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Formal Usability Inspections 

What is it?

Formal Usability Inspection takes the software inspection methodology and adapts it to usability evaluation. Software inspections, more commonly known as code inspections, started at IBM as a way to formalize the discovery and recording of software problems ("defects" in quality jargon, "bugs" in the vernacular). The technique also provided quantitative measurements that could be tracked using statistical process control methods. Code inspections were also adapted to check and track documentation defects, and usability defects were a logical next step.

Formal usability inspections include aspects of other inspection methods too. Heuristics are used to help non-usability professionals find usability defects. Inspectors walkthrough tasks with the user's goals and purpose in mind, similar to cognitive walkthroughs, although the emphasis is less on cognitive theory and more on encountering defects.

How do I do it?

This method formalizes the review of a specification or early prototype. The basic steps are to assemble a team of four to eight inspectors, assign each a special role in the context of the inspection, distribute the design documents to be inspected and instructions, have the inspectors go off on their own to do their inspection, and convene later in a formal inspection meeting. Defects found are assigned to responsible parties to be fixed, and the cycle continues.

Assemble the team. Pick a team of interested people, that is, people that have a stake in making the design more usable. This usually includes engineers from the design, quality assurance, documentation, training, and technical support groups. Each person brings a diverse viewpoint to look at the design, and the potential to discover usability defects is greater with a diverse team.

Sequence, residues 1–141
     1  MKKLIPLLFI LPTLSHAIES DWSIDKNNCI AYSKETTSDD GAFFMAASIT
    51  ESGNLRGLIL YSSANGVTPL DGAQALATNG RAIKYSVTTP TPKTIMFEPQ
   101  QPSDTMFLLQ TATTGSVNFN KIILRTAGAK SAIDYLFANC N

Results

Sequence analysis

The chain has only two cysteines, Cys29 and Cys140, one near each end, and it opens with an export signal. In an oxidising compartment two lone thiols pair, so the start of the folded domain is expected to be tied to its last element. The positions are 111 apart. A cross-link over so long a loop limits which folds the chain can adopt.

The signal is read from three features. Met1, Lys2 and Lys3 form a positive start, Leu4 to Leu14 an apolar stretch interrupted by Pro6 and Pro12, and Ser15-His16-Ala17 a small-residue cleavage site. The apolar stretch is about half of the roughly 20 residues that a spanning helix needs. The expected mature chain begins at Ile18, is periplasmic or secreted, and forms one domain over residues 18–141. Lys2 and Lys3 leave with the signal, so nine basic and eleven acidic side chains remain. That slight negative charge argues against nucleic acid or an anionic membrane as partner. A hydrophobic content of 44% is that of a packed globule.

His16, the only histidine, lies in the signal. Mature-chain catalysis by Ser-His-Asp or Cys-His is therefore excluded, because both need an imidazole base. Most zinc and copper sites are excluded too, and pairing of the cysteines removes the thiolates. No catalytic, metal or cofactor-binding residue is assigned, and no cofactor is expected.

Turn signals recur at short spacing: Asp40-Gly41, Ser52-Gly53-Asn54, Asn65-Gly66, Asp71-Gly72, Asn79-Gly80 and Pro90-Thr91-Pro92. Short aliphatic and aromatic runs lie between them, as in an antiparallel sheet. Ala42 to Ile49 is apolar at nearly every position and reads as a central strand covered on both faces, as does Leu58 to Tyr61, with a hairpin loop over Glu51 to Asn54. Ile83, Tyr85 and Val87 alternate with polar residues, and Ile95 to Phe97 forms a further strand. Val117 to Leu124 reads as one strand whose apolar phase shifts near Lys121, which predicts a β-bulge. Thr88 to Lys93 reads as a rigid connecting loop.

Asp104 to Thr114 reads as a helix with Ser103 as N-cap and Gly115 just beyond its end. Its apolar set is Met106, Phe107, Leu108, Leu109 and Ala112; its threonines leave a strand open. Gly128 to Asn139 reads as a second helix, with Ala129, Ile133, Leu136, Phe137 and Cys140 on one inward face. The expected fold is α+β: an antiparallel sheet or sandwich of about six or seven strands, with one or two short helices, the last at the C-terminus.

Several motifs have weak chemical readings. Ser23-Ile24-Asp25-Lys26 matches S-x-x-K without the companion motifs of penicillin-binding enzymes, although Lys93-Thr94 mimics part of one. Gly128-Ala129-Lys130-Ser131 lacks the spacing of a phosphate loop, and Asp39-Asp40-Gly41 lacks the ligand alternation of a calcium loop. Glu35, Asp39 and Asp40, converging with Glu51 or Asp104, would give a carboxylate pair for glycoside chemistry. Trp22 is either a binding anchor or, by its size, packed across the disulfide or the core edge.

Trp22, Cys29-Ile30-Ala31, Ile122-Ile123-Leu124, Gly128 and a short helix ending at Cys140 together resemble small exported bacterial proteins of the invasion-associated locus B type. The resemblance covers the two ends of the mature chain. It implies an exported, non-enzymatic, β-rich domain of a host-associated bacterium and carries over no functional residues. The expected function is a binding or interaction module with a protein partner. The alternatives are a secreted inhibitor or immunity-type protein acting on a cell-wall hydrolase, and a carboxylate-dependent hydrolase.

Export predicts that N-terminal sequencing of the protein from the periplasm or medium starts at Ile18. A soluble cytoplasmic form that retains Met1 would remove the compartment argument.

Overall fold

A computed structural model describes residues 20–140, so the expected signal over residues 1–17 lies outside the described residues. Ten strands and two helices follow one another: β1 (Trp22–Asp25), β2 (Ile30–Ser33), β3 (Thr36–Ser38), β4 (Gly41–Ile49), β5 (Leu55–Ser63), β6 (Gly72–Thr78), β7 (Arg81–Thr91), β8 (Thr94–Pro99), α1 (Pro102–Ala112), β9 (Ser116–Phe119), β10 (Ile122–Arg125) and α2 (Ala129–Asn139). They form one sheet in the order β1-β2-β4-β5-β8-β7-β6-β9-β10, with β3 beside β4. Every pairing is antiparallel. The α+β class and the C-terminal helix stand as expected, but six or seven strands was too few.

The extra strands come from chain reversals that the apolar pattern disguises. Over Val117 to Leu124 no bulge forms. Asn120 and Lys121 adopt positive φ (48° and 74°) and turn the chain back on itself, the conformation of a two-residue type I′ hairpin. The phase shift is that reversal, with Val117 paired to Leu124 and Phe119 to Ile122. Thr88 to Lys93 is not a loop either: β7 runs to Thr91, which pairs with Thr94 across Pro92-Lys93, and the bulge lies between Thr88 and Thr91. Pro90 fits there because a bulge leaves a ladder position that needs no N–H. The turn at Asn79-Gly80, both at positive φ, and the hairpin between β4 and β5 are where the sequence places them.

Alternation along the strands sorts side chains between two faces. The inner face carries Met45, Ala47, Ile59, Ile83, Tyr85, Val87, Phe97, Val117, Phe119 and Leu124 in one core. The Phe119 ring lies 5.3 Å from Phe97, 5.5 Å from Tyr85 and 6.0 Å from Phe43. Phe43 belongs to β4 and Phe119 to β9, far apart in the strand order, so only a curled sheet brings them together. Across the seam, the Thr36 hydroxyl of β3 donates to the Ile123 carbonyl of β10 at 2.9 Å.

Assign roles. The formal usability inspection methodology borrows the inspection roles concept from code inspections. Each person on the team, besides having to inspect the design, has a role to play during the formal meeting. These roles are the following:

Moderator: Runs the meeting. Distributes and collects any materials needed. Schedules meetings, and coordinates defect assignment.

Owner: Designer of the product to be inspected. Usually the person to which defects are assigned. Fixes the defects.

Recorder (sometimes called Scribe): Logs defects during the formal meeting.

Inspectors: Everybody else. Inspects the design and reports any defects found. Everyone's an inspector regardless of their other role.

Distribute documents. For code inspections, this would be a code listing with line numbers plus instructions on what to look for--bad choice of syntax, variable problems, etc. For usability inspections, these include descriptions of the product, including screen mockups if any, user profiles, typical user tasks, heuristics to use, and a defect logging form.